Pattishall IP Blog

January 7, 2016

New Year’s Resolution — Review and Update Website Privacy Policy and Terms of Use

Filed under: Internet, Privacy — Tags: , , , — Pattishall, McAuliffe, Newbury, Hilliard & Geraldson LLP @ 10:05 am

Jason Koransky F HRby Jason Koransky, Associate

With the changing of the calendar to 2016, now is a good time to look over your company’s often-neglected website privacy policy and terms of use. Here are 10 areas to focus on in reviewing and updating these important areas of your website.

  1. Disclosure of personal information to third parties. Under California law, California residents can request information about how your company or its subsidiaries provide personally identifiable information (“PII”) to third parties for these third parties’ marketing purposes. Your company’s website should include a notice to California residents that provides them a means to request this information. Further, on January 1, 2016, the Delaware Online Privacy and Protection Act went into effect. One of the provisions in this new law requires a website’s privacy policy to disclose the categories of third parties with which a website operator shares PII about the Delaware-resident users of a website. Accordingly, if your company’s website has any users in Delaware, your company must provide this information in its privacy policy.
  2. Disclose categories of PII collected. To comply with state laws such as those in California and Delaware, as well as to be proactive in communicating privacy issues with visitors to your company’s website, your website privacy policy should disclose all categories of PII that you collect from its users.
  3. Cookies? You should audit the use of cookies on your website, and make sure that your privacy policy properly discloses use of cookies. In addition, you should confirm that the opt-out procedures for cookies are up-to-date and functional.
  4. Limit content geared toward children. The federal Children’s Online Privacy Protection Act generally limits the collection of PII from children under 13. The new Delaware privacy law goes a step further. It prohibits the use, disclosure, or compiling of PII of a child under 18 years old if PII will be used in the marketing or advertising of 17 specific categories of goods and services, such as tobacco, tattoos, tanning facilities, or pornography. If your company’s website is not targeted toward children under 18, the website’s terms of use should expressly state this, and ask anyone under 18 not disclose PII.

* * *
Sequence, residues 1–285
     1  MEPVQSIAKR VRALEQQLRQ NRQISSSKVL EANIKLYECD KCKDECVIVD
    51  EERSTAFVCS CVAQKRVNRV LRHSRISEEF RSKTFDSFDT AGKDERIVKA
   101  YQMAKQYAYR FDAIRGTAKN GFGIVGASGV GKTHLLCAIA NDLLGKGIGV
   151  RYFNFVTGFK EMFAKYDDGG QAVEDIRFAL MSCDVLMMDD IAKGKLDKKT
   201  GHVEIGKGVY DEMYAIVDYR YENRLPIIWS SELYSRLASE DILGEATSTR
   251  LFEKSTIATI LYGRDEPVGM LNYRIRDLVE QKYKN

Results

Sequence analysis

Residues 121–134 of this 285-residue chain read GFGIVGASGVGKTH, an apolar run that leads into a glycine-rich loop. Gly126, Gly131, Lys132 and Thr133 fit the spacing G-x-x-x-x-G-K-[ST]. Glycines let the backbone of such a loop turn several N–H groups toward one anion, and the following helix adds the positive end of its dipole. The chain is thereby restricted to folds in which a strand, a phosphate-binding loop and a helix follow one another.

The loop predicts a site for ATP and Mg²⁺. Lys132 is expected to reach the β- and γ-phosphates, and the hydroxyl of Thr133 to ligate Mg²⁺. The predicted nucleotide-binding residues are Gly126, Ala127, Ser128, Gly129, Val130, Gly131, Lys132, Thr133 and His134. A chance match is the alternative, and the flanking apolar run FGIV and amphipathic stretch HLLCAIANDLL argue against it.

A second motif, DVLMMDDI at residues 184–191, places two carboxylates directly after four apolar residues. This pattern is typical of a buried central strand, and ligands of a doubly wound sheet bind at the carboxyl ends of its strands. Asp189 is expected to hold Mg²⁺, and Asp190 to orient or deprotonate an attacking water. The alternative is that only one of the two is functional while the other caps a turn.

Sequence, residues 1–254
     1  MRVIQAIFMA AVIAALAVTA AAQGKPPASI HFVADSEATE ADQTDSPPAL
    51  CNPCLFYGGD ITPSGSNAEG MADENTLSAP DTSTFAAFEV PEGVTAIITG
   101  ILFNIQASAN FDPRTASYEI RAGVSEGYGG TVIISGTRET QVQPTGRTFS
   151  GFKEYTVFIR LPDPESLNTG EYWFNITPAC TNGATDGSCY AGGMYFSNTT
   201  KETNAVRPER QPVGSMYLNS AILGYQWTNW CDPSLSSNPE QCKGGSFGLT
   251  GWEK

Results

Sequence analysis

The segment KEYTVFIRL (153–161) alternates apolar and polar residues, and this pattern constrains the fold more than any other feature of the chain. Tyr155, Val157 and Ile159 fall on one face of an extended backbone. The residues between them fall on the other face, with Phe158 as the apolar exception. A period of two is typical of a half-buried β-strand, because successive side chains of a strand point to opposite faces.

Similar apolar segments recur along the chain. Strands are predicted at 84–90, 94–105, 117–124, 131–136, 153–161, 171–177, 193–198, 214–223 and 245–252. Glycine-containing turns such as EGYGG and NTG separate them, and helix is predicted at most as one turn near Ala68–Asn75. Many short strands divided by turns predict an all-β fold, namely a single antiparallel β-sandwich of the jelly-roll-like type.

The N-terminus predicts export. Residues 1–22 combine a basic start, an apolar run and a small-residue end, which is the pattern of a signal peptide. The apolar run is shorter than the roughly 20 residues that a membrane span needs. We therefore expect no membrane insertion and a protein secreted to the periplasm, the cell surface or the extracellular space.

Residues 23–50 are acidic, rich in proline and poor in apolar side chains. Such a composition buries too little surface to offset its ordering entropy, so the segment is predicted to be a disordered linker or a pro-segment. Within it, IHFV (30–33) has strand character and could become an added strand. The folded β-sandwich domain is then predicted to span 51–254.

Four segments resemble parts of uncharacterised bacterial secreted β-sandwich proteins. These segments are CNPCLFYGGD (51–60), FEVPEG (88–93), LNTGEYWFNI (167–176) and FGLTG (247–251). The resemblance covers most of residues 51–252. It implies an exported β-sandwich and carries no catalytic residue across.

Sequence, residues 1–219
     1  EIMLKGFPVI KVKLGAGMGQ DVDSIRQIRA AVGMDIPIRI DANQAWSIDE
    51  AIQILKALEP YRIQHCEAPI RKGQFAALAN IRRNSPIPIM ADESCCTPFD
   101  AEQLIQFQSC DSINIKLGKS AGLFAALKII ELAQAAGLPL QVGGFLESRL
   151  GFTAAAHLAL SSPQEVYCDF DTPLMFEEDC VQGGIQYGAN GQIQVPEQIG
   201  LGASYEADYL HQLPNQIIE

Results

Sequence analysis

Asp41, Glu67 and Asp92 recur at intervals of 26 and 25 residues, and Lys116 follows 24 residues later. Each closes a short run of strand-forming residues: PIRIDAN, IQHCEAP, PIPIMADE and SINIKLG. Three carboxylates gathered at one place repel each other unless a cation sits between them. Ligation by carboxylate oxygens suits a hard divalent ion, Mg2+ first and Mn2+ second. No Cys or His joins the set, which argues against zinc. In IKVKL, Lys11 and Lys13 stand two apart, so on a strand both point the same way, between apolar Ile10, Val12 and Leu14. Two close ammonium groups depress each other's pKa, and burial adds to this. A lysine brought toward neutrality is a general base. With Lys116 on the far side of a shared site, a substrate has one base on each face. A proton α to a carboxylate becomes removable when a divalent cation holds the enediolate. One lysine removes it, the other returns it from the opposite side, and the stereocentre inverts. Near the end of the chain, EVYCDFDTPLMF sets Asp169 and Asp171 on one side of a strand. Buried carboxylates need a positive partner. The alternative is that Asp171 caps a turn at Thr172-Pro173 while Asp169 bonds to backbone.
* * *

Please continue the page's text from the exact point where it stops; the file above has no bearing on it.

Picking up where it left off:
5. Tell users how to access PII. If your company’s website collects PII, the privacy policy should disclose how a user may access, review, and request changes to this PII.
  6. Use easy-to-read, straightforward language. With data security and privacy issues increasingly in the news and of concern to consumers, your website should be proactive in communicating its privacy policy. Making the policy user-friendly is a great place to start. Rather than being in hard-to-decipher legalese, the privacy policy and terms of use should use straightforward language that does not require a lawyer to understand.
  7. Make conspicuous links to the privacy policy and terms of use. The new Delaware privacy law requires that the link to your website privacy policy must be clear and conspicuous.
  8. Remove references to the E.U.–U.S. Safe Harbor Framework. In October 2015, the European Court of Justice declared that the Safe Harbor provision that allowed for the transfer of consumers’ personal information from the E.U. to the U.S. was invalid. Your website’s privacy policy, however, may still have references to this framework, such as stating your company’s compliance with it. Even though a new agreement may be negotiated, with the framework invalidated, references to it should be removed.
  9. Is your DMCA agent contact information correct? If your company’s website qualifies as an Internet Service Provider under the DMCA, it needs to have contact information for the DMCA agent to whom someone would submit a copyright infringement claim notification. You should confirm that this information is accurate.
  10. Are all e-mail, telephone numbers, and mailing addresses correct? Finally, your privacy policy and terms of use should provide website users a way to communicate with you about issues that may exist, either via e-mail, phone, or mail. Confirm that contact information is accurate, that your company actually monitors the e-mail addresses set forth on the site, and responds to inquiries that users may communicate to you.

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Jason Koransky is an associate with Pattishall, McAuliffe, Newbury, Hilliard & Geraldson LLP, a leading intellectual property law firm based in Chicago, Illinois. Pattishall McAuliffe represents both plaintiffs and defendants in trademark, copyright, trade secret and unfair competition trials and appeals, and advises its clients on a broad range of domestic and international intellectual property matters, including brand protection, Internet, and e-commerce issues. Jason’s practice focuses on trademark, trade dress, copyright, data security and privacy, and false advertising litigation domestic and international trademark prosecution and counseling, and privacy issues. He is co-author of the book Band Law for Bands, published by the Chicago-based Lawyers for the Creative Arts.

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